We have stated in the recent DWP consultation10 that
“Until work is complete on assessing the affordability of the current Child Maintenance Formula and its failure to reflect shared parenting arrangements it would be wrong for draconian enforcement measures to be introduced that will push some paying parents out of work, into deeper poverty, despair, ill health and suicide. Until this work is done, current proposals place the cart before the horse”.
We further, respectfully ask, you to review in detail the response we prepared to the DWP consultation on Child Maintenance last month which is enclosed/attached for your convenience. We also hope you might take-up our invitation to meet, not just with us, but with our service users at one of our support meetings. The proposed draft of the bill will mostly affect a small number of high net-worth individuals. Can it be right, when there are so many fundamental flaws with current arrangements, that such a piece-meal, selective approach is taken? We feel sure that a more even-handed approach will result in more workable and fairer legislation with better outcomes for tens of thousands of children in whose interest it is, we trust, proposed.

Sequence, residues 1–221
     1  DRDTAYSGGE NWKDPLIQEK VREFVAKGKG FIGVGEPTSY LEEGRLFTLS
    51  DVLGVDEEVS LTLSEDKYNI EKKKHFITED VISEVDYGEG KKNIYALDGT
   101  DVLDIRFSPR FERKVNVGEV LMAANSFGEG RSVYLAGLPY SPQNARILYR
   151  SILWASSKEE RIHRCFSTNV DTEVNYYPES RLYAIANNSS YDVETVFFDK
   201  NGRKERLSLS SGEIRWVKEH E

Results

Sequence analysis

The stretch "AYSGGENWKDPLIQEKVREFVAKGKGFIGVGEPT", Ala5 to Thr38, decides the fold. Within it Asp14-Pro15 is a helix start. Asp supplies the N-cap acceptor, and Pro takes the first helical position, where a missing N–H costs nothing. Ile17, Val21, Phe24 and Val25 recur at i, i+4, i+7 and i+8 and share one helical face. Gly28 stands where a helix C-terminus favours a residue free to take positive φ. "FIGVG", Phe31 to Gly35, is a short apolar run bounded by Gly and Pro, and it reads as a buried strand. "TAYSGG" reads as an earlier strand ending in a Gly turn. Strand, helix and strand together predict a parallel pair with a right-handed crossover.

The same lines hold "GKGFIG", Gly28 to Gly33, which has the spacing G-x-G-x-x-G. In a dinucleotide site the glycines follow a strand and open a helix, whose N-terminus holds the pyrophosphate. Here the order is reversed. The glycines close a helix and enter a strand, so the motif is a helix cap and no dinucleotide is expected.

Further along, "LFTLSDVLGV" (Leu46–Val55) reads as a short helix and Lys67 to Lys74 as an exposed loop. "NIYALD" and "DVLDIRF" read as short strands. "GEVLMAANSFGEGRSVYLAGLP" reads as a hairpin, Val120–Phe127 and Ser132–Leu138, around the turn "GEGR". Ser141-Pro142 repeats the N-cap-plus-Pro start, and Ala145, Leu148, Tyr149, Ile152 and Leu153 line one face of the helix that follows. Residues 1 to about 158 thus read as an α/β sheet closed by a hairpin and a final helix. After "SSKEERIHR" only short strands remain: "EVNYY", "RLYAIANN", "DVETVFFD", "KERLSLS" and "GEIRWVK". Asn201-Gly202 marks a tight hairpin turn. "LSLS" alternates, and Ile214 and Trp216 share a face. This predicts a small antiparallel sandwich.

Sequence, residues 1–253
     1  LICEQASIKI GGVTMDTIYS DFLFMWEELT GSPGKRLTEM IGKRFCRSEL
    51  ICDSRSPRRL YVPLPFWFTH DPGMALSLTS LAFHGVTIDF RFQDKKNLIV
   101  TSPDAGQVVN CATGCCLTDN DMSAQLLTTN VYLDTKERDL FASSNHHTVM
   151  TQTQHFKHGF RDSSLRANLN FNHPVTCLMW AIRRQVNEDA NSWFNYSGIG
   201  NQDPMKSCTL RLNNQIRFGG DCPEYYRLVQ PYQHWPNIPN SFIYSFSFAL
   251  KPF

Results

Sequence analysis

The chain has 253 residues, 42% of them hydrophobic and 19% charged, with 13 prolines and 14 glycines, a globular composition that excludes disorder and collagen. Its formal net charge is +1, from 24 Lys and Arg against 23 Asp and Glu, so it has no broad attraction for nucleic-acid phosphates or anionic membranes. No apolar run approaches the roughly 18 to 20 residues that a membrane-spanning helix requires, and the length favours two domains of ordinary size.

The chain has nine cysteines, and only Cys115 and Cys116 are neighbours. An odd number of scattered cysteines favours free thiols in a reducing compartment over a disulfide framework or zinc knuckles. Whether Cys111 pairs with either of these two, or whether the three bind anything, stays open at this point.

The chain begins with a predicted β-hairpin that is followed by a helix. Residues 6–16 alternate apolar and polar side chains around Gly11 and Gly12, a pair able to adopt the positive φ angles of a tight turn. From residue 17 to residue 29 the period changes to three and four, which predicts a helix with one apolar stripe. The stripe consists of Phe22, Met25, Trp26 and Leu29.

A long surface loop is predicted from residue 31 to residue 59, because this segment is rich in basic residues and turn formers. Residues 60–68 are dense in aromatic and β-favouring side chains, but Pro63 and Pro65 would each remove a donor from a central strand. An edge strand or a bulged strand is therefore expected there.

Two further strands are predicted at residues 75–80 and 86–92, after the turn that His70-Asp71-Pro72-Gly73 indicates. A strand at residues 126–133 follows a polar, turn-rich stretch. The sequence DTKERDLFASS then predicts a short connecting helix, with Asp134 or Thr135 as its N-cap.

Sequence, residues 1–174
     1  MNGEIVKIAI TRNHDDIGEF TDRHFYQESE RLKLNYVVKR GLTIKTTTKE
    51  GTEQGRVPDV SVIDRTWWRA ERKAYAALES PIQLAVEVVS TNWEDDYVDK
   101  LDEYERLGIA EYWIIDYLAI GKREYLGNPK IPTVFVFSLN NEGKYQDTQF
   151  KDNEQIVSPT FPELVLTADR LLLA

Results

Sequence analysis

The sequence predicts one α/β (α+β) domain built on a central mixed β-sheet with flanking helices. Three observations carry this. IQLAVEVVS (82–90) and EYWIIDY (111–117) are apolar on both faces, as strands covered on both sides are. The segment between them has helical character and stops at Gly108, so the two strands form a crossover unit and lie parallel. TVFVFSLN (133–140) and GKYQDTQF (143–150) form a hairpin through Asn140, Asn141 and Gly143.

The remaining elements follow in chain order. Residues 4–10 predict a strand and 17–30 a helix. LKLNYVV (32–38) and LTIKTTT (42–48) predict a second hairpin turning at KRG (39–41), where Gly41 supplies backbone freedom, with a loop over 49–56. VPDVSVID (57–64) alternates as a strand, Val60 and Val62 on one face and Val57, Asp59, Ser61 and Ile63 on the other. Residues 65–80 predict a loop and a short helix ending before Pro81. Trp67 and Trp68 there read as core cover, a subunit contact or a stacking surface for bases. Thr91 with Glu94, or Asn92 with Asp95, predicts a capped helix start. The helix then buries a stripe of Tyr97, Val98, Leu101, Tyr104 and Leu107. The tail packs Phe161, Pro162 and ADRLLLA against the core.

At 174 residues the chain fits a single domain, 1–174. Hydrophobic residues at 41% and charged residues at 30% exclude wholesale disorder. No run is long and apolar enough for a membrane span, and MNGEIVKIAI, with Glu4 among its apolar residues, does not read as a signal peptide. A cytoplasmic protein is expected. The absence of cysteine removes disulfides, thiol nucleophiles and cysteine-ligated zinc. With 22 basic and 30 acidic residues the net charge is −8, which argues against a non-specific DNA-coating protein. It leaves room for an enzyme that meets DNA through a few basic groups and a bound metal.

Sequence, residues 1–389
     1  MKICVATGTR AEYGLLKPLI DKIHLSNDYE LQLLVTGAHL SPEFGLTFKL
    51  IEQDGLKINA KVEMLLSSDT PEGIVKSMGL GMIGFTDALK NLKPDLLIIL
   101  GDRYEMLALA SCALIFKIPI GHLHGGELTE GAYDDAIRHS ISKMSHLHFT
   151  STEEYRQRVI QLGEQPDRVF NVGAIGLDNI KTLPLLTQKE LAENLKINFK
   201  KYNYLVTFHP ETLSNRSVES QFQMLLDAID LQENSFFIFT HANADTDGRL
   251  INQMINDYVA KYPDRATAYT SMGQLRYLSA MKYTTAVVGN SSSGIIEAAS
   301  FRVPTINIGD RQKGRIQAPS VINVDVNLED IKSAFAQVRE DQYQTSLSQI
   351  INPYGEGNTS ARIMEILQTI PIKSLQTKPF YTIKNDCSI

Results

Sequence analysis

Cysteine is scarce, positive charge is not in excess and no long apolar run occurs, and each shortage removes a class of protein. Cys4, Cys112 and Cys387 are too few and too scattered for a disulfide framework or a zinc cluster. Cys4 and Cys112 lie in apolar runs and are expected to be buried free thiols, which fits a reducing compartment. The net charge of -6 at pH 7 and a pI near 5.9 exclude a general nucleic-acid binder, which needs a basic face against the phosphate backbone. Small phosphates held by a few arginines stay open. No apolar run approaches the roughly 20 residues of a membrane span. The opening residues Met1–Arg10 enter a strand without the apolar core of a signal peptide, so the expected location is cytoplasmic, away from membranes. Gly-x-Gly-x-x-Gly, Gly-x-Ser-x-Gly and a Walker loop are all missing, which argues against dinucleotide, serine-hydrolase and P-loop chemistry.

We look forward to hearing from you.
Director of Communications
cc: Select Committee
Work and Pensions Committee
Frank Field MP (Chair)
Kit Malthouse MP
Parliamentary Under-Secretary DWP
14th June 2018 - for immediate release
The Government’s response to the Women and Equality Select Committee’s Report on Fathers in the Workplace is letting down women, men and above all, children.
In failing to go for a forward-looking paternity leave solution,
the Government has shown itself to be desperately hugging the past
The Government hide behind ‘complexity’ and ‘culture’ whilst failing to recognise their own responsibility by acting as an obstacle cultural improvements. The evidence is clear, those countries that offer properly funded, non-transferable paternity have achieved: